Picking apart the FMA's 2018 online investment data

Written by Toby Kelly · Published on Thu, 20 December 2018

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The FMA has recently released their annual data insights into NZ’s fintech space for the year ended June 2018. Of particular interest to us at Snowball Effect is how the online equity investment industry is continuing to develop, and whether the high-level data matches the trends that we are seeing day-to-day in the NZ capital markets.

The industry is growing, while getting more concentrated between providers
Licensed offers grew 39% this year compared to last year’s figures, along with over 6,000 new investors. The number of licensed service providers remained constant at 8, but the number that actually facilitated an offer decreased from 5 to 4. PledgeMe (9) and Snowball Effect (12) dominated the market in terms of successful offers, while Equitise (4) shifted its focus to the Australian market. Snowball Effect raised $13.7m in total, PledgeMe raised $9.8m, with Equitise and Crowdsphere both completing approximately $1m in capital raised.

The industry is maturing and figuring out what best suits investors
This year had a much higher success rate for offers of 88% versus 68%, although on a lower tally for total offers of 32 versus 50. This suggests a higher level of curation and the recognition from platforms that time is best spent working with companies who have the highest chance of succeeding in a capital raise. The average deal size increased also, a likely signal towards larger companies raising capital through the platforms. Snowball has seen our largest capital raise ever with Link Business Brokers in 2018 of $3.46m and this shows how popular growth companies with established business models are, particularly with the experienced wholesale investor base. This follows on from Link’s $3.15m capital raise in 2017, which is the biggest raise in the data set.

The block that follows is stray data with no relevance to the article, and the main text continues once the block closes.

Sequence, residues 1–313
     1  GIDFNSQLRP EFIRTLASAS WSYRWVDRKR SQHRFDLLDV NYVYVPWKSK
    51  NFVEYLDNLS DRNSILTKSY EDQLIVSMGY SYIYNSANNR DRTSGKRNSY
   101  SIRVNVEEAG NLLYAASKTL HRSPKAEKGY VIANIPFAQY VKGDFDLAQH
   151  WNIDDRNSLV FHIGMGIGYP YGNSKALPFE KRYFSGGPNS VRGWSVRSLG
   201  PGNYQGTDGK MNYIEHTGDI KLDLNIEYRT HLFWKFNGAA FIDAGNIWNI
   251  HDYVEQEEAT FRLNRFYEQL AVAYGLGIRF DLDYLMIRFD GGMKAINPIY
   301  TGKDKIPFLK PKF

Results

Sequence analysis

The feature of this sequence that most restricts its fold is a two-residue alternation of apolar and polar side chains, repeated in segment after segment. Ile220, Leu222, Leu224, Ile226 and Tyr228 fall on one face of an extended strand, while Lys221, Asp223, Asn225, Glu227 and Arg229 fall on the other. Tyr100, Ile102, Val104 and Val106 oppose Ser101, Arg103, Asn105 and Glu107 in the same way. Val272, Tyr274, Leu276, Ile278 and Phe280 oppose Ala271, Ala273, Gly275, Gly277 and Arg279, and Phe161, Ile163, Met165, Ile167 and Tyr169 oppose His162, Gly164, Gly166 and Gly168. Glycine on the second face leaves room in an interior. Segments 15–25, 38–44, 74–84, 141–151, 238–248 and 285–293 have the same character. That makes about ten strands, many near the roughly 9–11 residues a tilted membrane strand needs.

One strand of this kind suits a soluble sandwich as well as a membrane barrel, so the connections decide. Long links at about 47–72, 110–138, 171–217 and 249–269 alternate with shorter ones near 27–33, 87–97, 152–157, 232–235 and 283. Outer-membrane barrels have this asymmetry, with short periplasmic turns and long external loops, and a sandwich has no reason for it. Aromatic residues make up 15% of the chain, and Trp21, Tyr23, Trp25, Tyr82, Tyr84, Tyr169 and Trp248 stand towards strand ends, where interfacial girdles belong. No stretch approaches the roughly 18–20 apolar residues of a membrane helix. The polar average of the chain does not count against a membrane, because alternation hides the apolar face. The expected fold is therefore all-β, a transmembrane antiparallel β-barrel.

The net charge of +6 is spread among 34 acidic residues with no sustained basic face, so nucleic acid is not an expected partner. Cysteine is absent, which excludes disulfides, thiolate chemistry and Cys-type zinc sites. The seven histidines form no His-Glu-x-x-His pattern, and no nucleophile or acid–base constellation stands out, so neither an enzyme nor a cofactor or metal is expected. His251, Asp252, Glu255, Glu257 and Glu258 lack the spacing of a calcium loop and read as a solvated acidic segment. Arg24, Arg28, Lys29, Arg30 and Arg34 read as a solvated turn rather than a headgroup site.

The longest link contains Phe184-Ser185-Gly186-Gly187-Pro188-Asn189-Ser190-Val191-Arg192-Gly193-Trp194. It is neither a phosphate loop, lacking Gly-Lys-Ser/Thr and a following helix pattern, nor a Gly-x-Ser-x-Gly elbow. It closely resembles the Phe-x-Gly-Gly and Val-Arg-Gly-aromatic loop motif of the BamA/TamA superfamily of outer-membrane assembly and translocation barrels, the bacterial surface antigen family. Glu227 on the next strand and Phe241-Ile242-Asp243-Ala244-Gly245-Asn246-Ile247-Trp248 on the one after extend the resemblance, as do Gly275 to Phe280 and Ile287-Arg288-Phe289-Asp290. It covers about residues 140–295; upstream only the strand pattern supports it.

Bigger investors, making bigger investments
Speaking of wholesale investors, the year has seen a significant increase in the number of wholesale investors and capital being raised from wholesale investors outside of the ‘equity crowdfunding exemption’ by online platforms. There is also an interesting split emerging in the market, as Snowball focuses more on these types of offers and our competitors continue to target the retail type raises. Snowball raised 48 percent of its total capital raised from retail investors through licensed service offerings, with the 52 percent balance being wholesale investors. This compares to an industry average of 65/35 percent retail/wholesale and a 91/9 percent retail/wholesale for PledgeMe. There may be some noise in this data as we are unsure on how other platforms monitor and allocate wholesale investors. At Snowball, it is a key part of our process for deal terms and valuation to be tested with cornerstone investment from wholesale investors before taking the offer public to a retail audience, which requires tracking each bucket that an investor falls into before engaging them.

Things we’d love to see for 2019
As the wholesale portion of the market continues to grow and equity crowdfunding becomes more integrated with the traditional forms of capital raising for growth companies in New Zealand, we’d love to see more industry-wide figures that pull together the different parts of the private capital markets ecosystem. While the NZ capital markets are small, there’s still a wide mix of data produced between the Annual Angel Association figures (produced with PWC), the great work done in the annual Technology Investment Network Report and the FMA’s industry snapshot of the online investment industry. The ‘funding gap’ for NZ startups and SME’s continues to be a hot topic in the NZ business media and some collaboration across these sources would be great to provide a more fulsome industry snapshot to push the conversation forward with data-driven insights.